Kucinich: Chained Consumer Price Index Will Force Seniors to Eat 'Cat Food'
On Thursday, Rep. Dennis Kucinich (D-OH) said if the federal government adopts, as part of a deal to avert the fiscal cliff, the chained consumer price index to determine future cost-of-living adjustment increases to Social Security payments, seniors would be forced to eat "cat food" when their Social Security payments are reduced.
Kucinich said "if seniors usually eat steak but then can’t afford its higher price, they can switch to something cheaper, like cat food — and the cost-of-living calculation would be ‘chained’ to the cheaper item — cat food."
"There is no justification to cut Social Security benefits," Kucinich said. "No to throwing seniors off the fiscal cliff. No to a Cat Food Christmas.”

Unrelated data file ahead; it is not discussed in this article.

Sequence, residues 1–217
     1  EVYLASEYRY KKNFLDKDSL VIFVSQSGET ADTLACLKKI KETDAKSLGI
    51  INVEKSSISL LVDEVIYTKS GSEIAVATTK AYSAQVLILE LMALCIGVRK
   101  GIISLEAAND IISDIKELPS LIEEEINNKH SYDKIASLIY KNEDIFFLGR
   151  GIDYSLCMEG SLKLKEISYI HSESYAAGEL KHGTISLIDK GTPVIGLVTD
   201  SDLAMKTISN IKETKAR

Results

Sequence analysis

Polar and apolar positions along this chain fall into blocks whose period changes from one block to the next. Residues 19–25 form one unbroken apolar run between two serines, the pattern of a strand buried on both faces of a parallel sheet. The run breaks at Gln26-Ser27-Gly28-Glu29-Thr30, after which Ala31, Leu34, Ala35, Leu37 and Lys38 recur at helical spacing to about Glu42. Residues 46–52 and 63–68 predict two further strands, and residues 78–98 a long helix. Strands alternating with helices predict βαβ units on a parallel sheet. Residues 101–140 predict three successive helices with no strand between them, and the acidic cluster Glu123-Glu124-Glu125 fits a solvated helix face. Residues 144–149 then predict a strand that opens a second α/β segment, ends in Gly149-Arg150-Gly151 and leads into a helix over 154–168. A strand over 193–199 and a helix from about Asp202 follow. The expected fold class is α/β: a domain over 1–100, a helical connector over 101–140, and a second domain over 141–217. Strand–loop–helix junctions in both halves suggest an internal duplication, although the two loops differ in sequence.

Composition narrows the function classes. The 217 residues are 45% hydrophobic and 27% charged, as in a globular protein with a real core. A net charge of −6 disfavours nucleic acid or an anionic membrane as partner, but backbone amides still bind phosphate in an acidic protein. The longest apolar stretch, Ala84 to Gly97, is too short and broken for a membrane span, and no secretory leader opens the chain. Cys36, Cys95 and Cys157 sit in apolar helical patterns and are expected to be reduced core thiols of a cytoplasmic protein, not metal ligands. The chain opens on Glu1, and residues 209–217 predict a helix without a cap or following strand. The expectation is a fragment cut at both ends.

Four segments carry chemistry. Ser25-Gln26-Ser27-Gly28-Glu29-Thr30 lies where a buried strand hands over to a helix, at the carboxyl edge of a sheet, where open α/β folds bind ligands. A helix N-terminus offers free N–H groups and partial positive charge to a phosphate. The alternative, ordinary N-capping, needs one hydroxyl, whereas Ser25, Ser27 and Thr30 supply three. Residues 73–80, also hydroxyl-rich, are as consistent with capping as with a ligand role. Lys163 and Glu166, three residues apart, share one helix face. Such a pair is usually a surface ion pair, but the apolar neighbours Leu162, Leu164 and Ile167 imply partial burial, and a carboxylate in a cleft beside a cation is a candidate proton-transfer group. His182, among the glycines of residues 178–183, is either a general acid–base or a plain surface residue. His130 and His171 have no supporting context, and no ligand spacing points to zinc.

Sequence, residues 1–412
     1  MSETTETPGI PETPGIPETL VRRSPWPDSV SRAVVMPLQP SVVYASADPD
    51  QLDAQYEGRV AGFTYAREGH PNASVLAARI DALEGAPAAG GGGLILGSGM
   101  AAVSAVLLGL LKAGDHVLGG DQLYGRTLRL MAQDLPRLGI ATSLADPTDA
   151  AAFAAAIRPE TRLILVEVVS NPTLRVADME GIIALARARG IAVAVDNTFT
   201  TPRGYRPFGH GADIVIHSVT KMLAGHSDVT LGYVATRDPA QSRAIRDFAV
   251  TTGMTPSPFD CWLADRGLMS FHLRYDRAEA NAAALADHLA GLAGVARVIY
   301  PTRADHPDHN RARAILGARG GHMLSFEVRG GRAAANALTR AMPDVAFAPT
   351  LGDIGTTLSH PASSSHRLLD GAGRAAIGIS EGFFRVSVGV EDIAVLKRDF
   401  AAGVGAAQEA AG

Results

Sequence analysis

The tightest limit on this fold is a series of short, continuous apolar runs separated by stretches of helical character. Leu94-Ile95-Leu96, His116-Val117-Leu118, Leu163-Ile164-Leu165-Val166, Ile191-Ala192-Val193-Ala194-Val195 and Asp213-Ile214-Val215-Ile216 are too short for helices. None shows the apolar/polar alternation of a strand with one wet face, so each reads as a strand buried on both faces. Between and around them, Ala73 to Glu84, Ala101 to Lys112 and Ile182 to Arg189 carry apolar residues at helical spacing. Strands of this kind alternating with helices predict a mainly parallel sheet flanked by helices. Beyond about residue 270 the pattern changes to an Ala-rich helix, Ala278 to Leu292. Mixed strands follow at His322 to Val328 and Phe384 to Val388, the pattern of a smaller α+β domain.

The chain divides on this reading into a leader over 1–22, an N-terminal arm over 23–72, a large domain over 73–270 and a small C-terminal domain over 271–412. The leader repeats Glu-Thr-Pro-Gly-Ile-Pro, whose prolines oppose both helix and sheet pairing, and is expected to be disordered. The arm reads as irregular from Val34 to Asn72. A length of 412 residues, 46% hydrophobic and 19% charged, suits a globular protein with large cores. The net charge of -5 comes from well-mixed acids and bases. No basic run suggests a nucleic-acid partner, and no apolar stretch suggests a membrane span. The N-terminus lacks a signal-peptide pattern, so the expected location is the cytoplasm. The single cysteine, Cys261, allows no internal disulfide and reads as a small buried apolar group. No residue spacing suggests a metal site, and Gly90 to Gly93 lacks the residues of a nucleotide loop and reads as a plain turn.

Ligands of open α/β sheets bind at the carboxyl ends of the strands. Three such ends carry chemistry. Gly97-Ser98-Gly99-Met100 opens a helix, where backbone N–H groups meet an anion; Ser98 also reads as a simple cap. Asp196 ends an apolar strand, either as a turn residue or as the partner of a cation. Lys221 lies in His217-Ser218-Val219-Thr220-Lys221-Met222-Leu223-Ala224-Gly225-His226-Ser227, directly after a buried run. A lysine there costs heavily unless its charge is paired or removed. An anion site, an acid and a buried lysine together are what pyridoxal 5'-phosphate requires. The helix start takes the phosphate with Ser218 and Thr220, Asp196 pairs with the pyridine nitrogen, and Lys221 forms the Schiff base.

Currently, the cost-of-living adjustment is determined by the consumer price index, which is measured by a so-called "basket of goods." If the cost of steak goes up, so does the price index and the cost-of-living adjustment even though consumers may purchase cheaper turkey or chicken instead. Under a chained consumer price index, the more expensive steak in Kucinich's example would be replaced by the cheaper chicken or turkey substitute to better reflect reality and not, as Kucinich hyperbolically claimed, "cat food."
Further, even if the federal government adopted a chained consumer price index, Congress could still exempt groups from being impacted by the new index after seniors, the most reliable voting group, exert political pressure on them.